No matter what the length of the trip, they each carry something small enough to be a carry on. As I am packing for a three week trip and not interested in hauling around a huge suitcase full of so much stuff I can never find anything on the road, I thought I would go to them for some tips. Yes, I actually asked for help and guidance from a client! This is what they said:

‎1. Take only left-foot sneakers. They are smaller.

2. If you are going some place cold, such as the Ngorogoro Crater in Tanzania, pack nothing warm.

‎3. If you are hiking, such as in Morocco in the High Atlas Mountains, bring no raincoat; instead, take an odd-looking green plastic wrapping that makes you look something like a Christo art project. Rely on family and friends for cover.

When I registered something akin to sarcasm to their response, Sam said “Moo. clearly we have mastered the art of packing. did you not just read the list?”

Really?

What is your best packing secret?



June 27, 2011

Listen to Me!

Always good to check in at a travel clinic before you travel

I’ve worked in travel for over 16 years, and I’ve been to Europe, Asia, Africa and South America. So you might think I have this travel thing down, right? Heh.

I leave for Cambodia and Thailand in 10 days. I’m asking people for packing tips. Worrying about exchanging money. Wondering how long my shorts need to be. Thinking about vaccines. So I called my trusty travel clinic. I like using the travel clinic. Usually covered by my health insurance, they have everything you need right on the spot and the specialists know everything. Of course it’s a bit of a downer too – it is, after all, their job to protect you from every conceivable deadly disease and most of them you just don’t really want to even know about. I often wonder what they would recommend for travel to my neighborhood. But I digress….

Long story short… No available appointments until after I return. Beth (who is headed to China) uses a different clinic that doesn’t have anything until August. If you’re interested in learning from my mistakes (I encourage this) you will not put off making that appointment until it is too late. Please call WAY in advance, and make an appointment for about a month before you travel.

As for me, I’ll take plenty of bug spray along with me and muddle through.



June 5, 2011

Why you DON’T want to join a Tour Group

Terra Cotta WarriorsEvery day we field calls from families who say: ” We’ve never traveled on a group tour before, that’s not who we are”. To which we say: You’ve come to the right place! All of our loyal clients are families who are not inspired by large, generic tour groups. So, why us?

Thomson Family Adventures is not a traditional tour company. Do we arrange for group travel? Yes, but with some important differences…

Our groups are small and personal. We leave room for our adventures to be flexible and creative from the moment you sign up, to the moment you travel, to the time you return home.

Even a terra cotta warrior is unique from all the rest; your family is too. We know who you are. In our USA office, as we help you find your trip and then prepare you for travel, you communicate with someone who knows who you are and knows what you are looking for. We don’t have phone banks or voice mail. Just friendly, welcoming staff whose goal is to to help you have the trip of a lifetime.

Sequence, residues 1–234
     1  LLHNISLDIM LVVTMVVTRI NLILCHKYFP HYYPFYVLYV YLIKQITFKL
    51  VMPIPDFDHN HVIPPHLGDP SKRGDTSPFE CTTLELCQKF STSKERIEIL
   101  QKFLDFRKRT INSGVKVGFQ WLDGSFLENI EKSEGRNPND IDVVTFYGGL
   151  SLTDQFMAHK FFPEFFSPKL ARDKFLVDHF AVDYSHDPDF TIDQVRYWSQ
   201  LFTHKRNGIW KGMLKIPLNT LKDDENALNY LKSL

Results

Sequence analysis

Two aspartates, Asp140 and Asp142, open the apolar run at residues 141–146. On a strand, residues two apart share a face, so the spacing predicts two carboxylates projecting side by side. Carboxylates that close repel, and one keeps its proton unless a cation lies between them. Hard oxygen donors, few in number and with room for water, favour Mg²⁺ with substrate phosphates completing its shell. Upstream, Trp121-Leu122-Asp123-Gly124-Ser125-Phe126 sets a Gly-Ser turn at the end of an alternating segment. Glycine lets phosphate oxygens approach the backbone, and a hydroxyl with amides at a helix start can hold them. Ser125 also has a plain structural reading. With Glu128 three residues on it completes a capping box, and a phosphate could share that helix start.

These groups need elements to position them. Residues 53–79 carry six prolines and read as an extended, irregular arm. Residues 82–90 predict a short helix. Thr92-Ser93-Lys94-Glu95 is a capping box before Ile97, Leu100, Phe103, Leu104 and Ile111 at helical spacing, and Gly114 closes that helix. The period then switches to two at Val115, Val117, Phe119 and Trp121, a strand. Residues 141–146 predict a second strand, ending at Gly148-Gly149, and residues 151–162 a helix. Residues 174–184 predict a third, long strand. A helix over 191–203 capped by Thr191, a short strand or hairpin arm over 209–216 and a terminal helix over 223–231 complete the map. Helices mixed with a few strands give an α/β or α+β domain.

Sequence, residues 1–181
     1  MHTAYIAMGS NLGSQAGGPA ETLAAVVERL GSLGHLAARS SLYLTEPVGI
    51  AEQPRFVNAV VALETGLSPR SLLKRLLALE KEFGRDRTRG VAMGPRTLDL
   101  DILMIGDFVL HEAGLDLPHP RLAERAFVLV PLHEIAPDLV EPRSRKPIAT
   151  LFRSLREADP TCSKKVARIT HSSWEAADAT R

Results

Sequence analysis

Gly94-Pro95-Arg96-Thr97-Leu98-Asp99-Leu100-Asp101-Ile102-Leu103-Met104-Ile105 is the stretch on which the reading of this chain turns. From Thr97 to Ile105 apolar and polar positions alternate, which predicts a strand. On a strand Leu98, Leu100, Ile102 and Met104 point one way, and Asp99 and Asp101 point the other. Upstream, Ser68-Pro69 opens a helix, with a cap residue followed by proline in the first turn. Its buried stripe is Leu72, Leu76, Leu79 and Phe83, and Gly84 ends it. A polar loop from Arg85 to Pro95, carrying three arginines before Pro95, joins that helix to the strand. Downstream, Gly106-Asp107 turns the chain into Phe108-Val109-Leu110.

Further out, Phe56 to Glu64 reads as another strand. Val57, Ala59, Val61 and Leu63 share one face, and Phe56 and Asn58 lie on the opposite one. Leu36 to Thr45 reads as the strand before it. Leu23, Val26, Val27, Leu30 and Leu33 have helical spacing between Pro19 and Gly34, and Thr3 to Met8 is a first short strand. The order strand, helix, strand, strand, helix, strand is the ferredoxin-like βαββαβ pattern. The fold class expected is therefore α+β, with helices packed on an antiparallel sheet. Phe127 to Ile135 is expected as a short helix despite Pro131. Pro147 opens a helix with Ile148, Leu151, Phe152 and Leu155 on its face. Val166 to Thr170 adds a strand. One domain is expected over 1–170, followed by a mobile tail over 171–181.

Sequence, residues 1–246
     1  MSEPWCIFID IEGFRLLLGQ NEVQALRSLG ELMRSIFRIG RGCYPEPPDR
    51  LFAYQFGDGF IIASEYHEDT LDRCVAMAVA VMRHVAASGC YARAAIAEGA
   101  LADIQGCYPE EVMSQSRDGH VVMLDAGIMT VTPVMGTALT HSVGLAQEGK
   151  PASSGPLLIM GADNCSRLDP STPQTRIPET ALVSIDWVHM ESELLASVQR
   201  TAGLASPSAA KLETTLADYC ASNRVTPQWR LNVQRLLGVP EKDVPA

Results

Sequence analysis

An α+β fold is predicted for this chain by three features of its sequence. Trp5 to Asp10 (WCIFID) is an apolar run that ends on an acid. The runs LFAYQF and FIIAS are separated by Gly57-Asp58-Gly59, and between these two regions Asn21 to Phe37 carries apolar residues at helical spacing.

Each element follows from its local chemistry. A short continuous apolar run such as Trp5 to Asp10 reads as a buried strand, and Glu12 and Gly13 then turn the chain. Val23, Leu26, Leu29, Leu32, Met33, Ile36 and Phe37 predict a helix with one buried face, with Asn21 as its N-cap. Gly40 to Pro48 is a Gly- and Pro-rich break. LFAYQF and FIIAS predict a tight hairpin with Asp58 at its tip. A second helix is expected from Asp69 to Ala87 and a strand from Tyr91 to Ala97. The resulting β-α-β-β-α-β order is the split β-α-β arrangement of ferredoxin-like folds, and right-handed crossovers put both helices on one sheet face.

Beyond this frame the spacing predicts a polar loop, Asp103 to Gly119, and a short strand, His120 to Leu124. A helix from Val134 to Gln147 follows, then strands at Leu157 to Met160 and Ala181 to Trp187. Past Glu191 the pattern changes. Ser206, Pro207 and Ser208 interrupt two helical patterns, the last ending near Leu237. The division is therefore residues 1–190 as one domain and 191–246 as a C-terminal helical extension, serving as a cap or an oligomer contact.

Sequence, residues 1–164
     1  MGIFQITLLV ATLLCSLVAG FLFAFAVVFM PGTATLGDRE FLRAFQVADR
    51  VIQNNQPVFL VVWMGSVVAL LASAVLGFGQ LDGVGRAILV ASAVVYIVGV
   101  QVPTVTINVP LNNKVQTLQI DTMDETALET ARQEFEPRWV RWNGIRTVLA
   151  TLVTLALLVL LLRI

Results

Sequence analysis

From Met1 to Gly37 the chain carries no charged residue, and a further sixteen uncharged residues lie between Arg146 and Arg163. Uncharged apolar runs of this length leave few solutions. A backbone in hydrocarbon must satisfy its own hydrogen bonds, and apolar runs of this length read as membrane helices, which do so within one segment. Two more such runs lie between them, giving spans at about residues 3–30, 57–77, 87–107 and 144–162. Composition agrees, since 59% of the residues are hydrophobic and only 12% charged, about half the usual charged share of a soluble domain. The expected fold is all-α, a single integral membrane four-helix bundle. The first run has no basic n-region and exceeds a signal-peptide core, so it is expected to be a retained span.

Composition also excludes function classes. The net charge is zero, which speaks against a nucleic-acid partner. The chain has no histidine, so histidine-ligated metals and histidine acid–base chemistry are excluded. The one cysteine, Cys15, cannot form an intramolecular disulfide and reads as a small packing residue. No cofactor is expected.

When you arrive in-country you’ll meet up with our local Thomson colleagues, professionals we’ve worked with for years developing our itineraries and programs designed to ensure all ages have a fabulous time. Their enthusiasm and generosity of spirit shines through as they guide you through their country. There is no question, the right guide makes the right trip.

Safety? It’s our number one priority. We know nothing is more important than the welfare of your family. So your adventure is planned with every security in mind. You’ll have tons of fun with all precautions in place, and we include trip cancellation insurance in all of our packages.

We don’t have fixed schedules, huge busses, or red flags. You’ll travel in a small group of a few like minded families who will likely end up as lifelong friends looking to travel together again. We’ve seen this over and over again.

OR – if you prefer – we are always happy to arrange for a private and personal adventure for just your family. No matter if there are 2 or 20 or 30 family members, we can make the same awesome arrangements for just you so you have nothing to worry about. Please, just show up and have a wonderful time!

You don’t need to travel with 40 strangers, or merge your precious family reunion with a larger, unknown group of tourists. You deserve something thought out and unique! This is what Thomson Family Adventures does.

What does a group offer you can’t find on your own? Well, our guides for one, and the benefit of our expertise. You get a real vacation. No logistics, no struggling to find your way, or wondering what to do next. Like minded companions. No meal planning! Just blissful enjoyment. With your family. Together!